Meanwhile, Virginia has started to work at the Raines ranch because her dad believes this will shake her out of her funk over losing Stormy. Instead he just catches her riding, and breakthroughs occur that send him off in search of the horse, which he finds and gives to her for her birthday. Life is super fantastic. Stormy is living in the garage, Caroline punched Darrow in the face, their dad is sort of dating the ranch manager but not...and then comes along the endurance race.
While training for the race, Virginia has a run in with Darrow and his posse, because Darrow has a posse that follows him everywhere, be he on horseback or not. Because they have a weird antagonistic relationship, they immediately decide to have a match race right there. Somehow a train gets involved, and Virginia decides that she just has to beat Darrow and spurs her horse across the tracks and in front of the train, nearly getting them both killed.
Darrow and Virginia stare at each other across the tracks as the train goes by, Virginia looking like she just swallowed something very bitter, and Darrow giving her this look that I immediately associate with disbelief that the main character nearly splattered herself all over the train tracks, but the movie associates with rampant rage that she beat him. In my head, they are so having angry sex when they get out of high school.
Anyway, the movie starts making some dumb moves after this. Darrow steals Stormy on the morning of the race, Virginia finds Stormy just in time to enter the race based on the town mob insisting that she ride, Darrow is a little too obviously attempting to win the race at all costs because his father is being sort of super insane about winning, then Virginia wins after a prolonged Virginia/Darrow hate fueled match race in which they glare at each other a lot.
And it just occurred to me that I have no idea what that tagline is talking about. This movie is so not about sisters.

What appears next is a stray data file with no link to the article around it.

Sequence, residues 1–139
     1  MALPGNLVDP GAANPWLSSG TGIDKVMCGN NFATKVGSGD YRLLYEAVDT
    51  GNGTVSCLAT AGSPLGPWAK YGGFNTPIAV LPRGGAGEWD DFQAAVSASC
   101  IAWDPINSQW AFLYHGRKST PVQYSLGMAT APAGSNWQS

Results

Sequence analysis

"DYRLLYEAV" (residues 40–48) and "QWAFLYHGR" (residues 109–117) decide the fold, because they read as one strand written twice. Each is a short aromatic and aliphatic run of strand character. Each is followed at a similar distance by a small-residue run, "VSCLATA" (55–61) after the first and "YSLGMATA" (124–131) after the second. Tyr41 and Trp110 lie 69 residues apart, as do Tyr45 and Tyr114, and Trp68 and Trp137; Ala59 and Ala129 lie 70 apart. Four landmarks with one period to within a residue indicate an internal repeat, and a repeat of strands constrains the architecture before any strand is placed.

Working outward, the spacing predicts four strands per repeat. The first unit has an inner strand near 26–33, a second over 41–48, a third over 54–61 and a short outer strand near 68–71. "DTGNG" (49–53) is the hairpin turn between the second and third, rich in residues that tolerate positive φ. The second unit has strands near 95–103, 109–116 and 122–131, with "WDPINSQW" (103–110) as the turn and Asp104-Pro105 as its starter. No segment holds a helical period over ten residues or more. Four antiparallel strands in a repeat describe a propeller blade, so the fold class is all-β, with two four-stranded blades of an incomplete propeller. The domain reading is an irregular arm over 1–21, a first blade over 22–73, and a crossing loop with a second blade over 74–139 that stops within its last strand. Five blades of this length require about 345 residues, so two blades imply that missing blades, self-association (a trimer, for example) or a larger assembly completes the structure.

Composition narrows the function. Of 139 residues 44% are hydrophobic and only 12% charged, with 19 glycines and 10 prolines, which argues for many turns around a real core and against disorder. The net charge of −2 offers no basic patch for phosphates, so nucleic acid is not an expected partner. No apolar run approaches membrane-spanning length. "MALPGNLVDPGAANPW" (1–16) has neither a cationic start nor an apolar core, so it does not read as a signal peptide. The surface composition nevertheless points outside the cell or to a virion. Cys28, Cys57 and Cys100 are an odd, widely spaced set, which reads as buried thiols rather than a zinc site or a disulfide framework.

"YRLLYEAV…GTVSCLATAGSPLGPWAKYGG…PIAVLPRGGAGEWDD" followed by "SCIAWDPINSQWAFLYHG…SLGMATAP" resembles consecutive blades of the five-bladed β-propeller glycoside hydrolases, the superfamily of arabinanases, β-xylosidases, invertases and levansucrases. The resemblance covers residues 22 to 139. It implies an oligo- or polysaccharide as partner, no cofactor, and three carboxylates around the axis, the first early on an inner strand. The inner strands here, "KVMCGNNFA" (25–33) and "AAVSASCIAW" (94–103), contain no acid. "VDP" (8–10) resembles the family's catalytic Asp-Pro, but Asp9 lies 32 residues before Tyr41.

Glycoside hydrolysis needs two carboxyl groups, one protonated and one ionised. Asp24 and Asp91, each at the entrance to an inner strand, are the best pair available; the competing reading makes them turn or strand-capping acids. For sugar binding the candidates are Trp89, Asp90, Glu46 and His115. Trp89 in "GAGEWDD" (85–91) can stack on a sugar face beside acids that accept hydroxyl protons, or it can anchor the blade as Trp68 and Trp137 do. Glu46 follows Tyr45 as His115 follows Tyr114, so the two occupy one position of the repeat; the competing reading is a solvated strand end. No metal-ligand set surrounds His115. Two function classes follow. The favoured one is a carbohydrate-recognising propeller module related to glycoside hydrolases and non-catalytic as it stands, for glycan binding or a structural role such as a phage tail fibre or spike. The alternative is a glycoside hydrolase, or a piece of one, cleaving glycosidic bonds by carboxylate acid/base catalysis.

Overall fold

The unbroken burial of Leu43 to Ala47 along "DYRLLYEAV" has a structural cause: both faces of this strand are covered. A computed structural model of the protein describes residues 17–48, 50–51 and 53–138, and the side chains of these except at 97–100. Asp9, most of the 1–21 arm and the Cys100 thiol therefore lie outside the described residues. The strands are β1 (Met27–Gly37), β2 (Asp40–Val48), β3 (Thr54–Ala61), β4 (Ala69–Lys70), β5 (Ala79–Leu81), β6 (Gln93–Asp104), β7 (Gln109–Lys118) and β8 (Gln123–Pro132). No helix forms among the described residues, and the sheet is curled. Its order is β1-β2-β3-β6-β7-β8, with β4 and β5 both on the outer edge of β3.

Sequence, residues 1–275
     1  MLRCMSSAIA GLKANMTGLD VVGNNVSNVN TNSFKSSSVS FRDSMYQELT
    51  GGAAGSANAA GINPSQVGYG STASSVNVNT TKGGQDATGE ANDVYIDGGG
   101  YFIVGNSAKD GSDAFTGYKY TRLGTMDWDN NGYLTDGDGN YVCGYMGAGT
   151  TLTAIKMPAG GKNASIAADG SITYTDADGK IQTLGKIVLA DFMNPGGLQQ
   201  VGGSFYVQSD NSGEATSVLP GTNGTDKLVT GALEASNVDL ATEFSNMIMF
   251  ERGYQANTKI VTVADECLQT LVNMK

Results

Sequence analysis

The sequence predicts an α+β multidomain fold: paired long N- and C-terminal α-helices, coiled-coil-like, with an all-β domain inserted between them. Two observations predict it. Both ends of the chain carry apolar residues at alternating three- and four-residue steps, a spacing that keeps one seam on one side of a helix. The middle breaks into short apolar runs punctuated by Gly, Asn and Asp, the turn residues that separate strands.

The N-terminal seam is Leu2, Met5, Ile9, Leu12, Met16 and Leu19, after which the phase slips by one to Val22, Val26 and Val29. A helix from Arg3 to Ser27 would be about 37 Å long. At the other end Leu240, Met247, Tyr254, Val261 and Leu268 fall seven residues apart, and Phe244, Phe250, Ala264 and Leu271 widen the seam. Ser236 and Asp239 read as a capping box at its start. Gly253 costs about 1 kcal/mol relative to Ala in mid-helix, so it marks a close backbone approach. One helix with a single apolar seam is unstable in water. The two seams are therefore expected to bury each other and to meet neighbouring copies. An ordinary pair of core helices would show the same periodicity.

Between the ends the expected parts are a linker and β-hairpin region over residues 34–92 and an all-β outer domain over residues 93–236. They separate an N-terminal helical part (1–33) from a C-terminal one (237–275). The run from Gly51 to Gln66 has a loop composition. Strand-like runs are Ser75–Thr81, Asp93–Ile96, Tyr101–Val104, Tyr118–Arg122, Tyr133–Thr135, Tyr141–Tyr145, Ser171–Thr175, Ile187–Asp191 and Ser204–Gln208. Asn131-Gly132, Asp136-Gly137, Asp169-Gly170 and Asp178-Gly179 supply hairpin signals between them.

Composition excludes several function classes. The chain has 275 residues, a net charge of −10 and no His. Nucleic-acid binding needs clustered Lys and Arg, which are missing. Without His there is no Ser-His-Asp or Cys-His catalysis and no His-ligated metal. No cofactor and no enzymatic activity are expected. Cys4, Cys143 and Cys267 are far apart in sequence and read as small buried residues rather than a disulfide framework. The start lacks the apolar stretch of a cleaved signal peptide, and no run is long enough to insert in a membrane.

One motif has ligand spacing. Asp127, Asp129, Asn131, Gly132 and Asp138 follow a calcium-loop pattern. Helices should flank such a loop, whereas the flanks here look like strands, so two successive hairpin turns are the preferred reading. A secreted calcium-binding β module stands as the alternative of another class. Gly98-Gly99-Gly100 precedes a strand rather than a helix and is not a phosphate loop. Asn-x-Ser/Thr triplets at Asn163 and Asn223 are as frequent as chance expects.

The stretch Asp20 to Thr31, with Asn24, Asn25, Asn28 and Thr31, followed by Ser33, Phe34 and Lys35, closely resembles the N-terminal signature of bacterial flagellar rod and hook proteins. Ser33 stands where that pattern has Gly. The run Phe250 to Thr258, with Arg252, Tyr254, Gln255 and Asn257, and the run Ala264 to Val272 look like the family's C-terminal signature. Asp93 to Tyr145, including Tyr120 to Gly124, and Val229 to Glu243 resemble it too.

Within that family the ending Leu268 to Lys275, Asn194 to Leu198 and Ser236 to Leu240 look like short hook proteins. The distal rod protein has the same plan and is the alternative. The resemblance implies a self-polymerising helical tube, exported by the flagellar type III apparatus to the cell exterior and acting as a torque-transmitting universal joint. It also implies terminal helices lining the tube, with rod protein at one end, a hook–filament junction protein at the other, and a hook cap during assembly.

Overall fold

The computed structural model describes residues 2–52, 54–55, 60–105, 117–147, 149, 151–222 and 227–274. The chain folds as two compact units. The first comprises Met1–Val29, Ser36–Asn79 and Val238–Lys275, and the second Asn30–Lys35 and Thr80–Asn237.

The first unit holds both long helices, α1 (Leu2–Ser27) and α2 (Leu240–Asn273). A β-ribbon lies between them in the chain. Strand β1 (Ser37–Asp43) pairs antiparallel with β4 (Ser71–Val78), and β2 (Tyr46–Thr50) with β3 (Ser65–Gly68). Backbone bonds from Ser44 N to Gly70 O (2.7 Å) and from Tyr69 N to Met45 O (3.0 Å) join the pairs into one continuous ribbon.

- Typically, Darrow gets all the awesome lines in this movie. And then the movie kicks him in the balls. Poor guy.
- Crimped hair! When was this allowed to claw its way out of the 80s?
- "Who would steal a horse in the middle of a thunderstorm?" Yeah, who? I mean, rain and thunder should be all it takes to dissuade anyone from doing anything.
- "Stormy was my horse even though he didn't belong to me." I am so tired of this line. Why can't we tweak it into something like, "I loved him and now he's gone and now I'm really freaking depressed about it." Granted, that may need some tweaking of its own, but at least it's sort of got some truth to it.
- "If Darrow is such a jerk, why hasn't he told Dad about you visiting the foal?" Good point, Caroline! The movie was trying at something interesting initially.
- I think Gabriel Byrne slept through most of this movie. He looks like he was just gently roused from a coma during all of his scenes.
- I don't know what's up with this endurance race, but everyone in this town takes it very, very seriously.
So, I guess you could say that I've got my own reasons for liking it. And mainly they all hinge on the antagonistic relationship that made me smile.